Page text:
Norwegian Air’s Irish subsidiary reports $445m loss

Europe’s third largest budget airline attributes jump in losses to cost of setting up new bases

Earlier this month Norwegian announced plans to hire an extra 40 pilots for its Dublin base as it adds more transatlantic flights

Earlier this month Norwegian announced plans to hire an extra 40 pilots for its Dublin base as it adds more transatlantic flights

 

Rising costs associated with the launch of transatlantic flights from Ireland to the US led the Dublin-based arm of Scandinavian airline Norwegian Air to report a $445 million (€391m) loss in 2017. This is more than double the $205 million loss it recorded a year earlier.

However, Norwegian Air International, which attributed the increased losses primarily to new base set-up costs, said it expected the airline to fare better in the years ahead on the back of increased business.

Last year the group’s parent Norwegian Air Shuttle launched 54 new routes, a large number of which were between Ireland and the US as it introduced services from Dublin, Cork, Shannon and Belfast.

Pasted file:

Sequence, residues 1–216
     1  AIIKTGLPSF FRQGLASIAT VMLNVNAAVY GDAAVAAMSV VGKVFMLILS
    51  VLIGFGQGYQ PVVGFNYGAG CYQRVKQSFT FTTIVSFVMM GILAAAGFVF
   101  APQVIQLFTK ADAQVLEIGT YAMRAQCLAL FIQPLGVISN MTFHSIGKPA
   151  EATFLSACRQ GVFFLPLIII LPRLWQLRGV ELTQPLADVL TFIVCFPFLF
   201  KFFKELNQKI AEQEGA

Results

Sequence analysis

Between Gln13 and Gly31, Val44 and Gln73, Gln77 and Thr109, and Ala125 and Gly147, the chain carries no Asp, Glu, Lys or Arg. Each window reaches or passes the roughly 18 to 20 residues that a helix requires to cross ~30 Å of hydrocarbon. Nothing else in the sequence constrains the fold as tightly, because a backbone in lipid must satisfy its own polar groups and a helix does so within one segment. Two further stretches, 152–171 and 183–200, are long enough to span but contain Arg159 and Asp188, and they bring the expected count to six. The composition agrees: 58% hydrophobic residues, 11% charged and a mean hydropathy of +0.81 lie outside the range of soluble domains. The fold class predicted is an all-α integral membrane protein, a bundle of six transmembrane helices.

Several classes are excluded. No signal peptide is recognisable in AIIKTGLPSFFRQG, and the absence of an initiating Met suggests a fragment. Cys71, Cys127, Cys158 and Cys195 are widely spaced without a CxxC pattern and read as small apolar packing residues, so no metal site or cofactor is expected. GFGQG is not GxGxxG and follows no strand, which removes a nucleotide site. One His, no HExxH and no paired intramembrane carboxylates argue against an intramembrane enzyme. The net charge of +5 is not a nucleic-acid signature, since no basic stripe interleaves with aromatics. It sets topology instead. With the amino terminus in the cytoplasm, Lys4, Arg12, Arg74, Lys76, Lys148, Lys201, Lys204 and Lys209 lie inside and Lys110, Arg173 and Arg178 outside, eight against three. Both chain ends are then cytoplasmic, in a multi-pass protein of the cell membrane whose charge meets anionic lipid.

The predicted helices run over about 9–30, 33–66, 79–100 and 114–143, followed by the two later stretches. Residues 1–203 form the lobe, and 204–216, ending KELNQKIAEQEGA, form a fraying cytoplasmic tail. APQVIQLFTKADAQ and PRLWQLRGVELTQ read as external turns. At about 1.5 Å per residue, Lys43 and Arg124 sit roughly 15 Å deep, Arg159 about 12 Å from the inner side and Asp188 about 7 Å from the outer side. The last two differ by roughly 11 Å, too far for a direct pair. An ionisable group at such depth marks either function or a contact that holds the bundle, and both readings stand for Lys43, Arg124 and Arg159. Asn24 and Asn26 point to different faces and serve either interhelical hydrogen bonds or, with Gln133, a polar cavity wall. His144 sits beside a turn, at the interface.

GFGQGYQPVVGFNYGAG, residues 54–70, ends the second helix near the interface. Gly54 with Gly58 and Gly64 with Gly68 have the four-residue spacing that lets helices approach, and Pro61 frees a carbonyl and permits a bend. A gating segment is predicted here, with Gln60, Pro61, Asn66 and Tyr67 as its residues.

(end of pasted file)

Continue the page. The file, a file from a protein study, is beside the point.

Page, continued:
Europe’s third largest budget airline, the subject of a recent takeover proposal by Aer Lingus-owner IAG, reported ancillary revenue of $1.94 billion last year, as against $1.43 billion in 2016.

The parent, which injected $350 million into its Irish subsidiary over the period, posted a surprise net profit of 254 million Norwegian crowns ($31m) for the first six months of 2018 after losing 1.8 billion crowns in 2017.

Extra pilots

Earlier this month the airline announced plans to hire an extra 40 pilots for its Dublin base as it adds more transatlantic flights. Last year Norwegian said it had poached more than 140 pilots from Ryanair across Europe.

“Our Irish subsidiary made planned investments in 2017 to support our global expansion that included launching new transatlantic routes and setting up bases that created jobs to fulfil our long-term strategy of building a strong, sustainable and global business,” said a spokesman for Norwegian.

“We’ve reached the peak of our growth phase and we plan to build on the success of our transatlantic routes from Ireland by creating more jobs, introducing more flights and a new route to Canada that will benefit Irish consumers and the wider economy.”